What’s in a Tiger Shark’s Stomach?
The things you find when you’re elbow deep in a Tiger Shark’s gut.
Spoiler alert: no license plates.
By Alex Aines, Intern & Shark Gut Collector
While many of my high school and college friends have desk jobs in big cities, go to the beach for long weekends, and get their shark thrills via “Shark Week” every summer, I’ve decided to stick to being in school and traded in a desk for the lab. While “Shark Week” is less of a train wreck than it used to be, I prefer real life sharks and real science to the often sensationalized television or movie programs concerning sharks. I’ve focused solely on sharks for the last few years, working at a shark lab in the Bahamas, and then continuing on to graduate school at Duke University. My summer breaks have usually meant field work, lab work, analyzing data, and most recently my summer break was all about shark guts.
This past summer I spent 3 months really immersed in tiger shark stomachs. And by immersed, I do mean that on many days I was elbow-deep in shark stomachs for hours on end. Other than it being a bit smelly, it was very enjoyable work. Digging around in tiger shark stomachs was the basis of my thesis work. My research aimed to look at what tiger sharks were eating around the northwest Atlantic and Gulf of Mexico. I worked with the NOAA Southeast Fisheries Science Center in Panama City, FL, helping out on a Gulf of Mexico Shark Pupping and Nursery Survey, a Smalltooth Sawfish Abundance Survey, and essentially my own research project: tiger shark guts. Throughout the summer I dissected a total of 170 tiger shark stomachs, and it was surprisingly fun.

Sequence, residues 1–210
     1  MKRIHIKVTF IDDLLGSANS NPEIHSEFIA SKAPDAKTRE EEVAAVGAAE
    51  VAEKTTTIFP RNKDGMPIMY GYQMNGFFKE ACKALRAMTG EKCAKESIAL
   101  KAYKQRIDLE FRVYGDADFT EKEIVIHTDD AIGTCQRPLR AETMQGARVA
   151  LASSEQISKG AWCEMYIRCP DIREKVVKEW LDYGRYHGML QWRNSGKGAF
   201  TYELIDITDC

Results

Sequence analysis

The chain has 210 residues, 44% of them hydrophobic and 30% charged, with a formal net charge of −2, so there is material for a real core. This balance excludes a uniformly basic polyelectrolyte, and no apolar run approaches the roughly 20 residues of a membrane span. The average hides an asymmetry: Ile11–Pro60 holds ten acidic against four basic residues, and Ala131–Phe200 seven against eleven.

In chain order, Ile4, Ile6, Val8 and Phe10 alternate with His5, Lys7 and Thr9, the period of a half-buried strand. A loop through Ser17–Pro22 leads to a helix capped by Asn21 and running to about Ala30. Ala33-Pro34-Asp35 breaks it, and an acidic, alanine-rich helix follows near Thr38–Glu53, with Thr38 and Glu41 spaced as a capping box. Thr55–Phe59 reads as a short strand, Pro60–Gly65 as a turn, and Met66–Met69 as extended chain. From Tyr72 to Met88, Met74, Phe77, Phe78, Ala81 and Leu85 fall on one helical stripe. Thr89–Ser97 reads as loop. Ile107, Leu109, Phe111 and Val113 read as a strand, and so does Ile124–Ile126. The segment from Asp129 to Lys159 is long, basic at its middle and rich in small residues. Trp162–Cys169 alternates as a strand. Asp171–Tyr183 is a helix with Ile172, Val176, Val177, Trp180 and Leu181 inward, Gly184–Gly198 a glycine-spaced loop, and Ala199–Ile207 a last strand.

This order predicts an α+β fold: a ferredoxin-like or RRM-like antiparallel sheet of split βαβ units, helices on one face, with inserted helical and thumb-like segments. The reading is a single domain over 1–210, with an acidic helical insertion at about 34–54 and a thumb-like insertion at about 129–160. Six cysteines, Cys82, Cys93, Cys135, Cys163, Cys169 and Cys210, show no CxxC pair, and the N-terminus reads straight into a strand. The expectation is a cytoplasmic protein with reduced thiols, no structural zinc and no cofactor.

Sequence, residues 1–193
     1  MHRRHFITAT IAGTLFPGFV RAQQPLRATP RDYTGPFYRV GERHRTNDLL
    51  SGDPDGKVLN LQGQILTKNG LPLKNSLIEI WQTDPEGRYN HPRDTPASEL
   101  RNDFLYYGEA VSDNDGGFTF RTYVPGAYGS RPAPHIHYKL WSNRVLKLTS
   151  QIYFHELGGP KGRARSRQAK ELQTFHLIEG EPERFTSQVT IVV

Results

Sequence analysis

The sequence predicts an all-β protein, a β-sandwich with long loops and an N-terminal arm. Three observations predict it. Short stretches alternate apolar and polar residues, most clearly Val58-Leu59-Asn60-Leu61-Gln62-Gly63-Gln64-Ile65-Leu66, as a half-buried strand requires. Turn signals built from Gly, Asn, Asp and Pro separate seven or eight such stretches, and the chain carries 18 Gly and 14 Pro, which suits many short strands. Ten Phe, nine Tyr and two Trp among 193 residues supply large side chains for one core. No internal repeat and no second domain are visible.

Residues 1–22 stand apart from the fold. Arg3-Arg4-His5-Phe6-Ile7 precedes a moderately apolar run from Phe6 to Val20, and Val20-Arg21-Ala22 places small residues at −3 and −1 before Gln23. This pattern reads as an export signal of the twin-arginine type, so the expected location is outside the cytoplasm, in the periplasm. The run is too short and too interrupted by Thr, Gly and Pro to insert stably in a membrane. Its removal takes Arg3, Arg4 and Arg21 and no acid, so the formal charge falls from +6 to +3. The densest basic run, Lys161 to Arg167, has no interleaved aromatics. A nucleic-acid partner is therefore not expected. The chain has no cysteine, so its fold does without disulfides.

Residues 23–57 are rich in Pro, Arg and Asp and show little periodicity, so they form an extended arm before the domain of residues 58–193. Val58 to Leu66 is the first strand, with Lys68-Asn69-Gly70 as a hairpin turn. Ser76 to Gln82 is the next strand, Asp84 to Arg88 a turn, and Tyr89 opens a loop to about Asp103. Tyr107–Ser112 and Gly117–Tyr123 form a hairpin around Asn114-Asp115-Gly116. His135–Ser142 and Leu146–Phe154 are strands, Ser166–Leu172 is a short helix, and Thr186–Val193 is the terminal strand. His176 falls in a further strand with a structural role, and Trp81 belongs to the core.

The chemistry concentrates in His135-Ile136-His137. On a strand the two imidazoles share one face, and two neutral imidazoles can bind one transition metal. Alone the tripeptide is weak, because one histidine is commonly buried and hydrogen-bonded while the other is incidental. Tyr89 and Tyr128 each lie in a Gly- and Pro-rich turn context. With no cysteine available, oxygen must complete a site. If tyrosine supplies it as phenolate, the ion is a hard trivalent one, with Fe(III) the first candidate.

Unlike some species of sharks, tiger sharks tend to have a pretty diverse diet. There was a gap in knowledge in the Gulf of Mexico and Northwest Atlantic when it came to quantitatively describing the diet of tiger sharks. Even though these areas are known to contain tiger sharks, there wasn’t a lot of information on their diet, especially a specific breakdown of their diet. Tiger sharks are typically found from New England to the Florida Keys in the Northwest Atlantic and throughout the Gulf of Mexico. Most major studies on tiger shark diet were done in the Pacific and more specifically in Australia and Hawaii. Studies in these areas found that tiger sharks had diverse diets, and consumed everything from dugongs to sea snakes to fish, and many other prey items.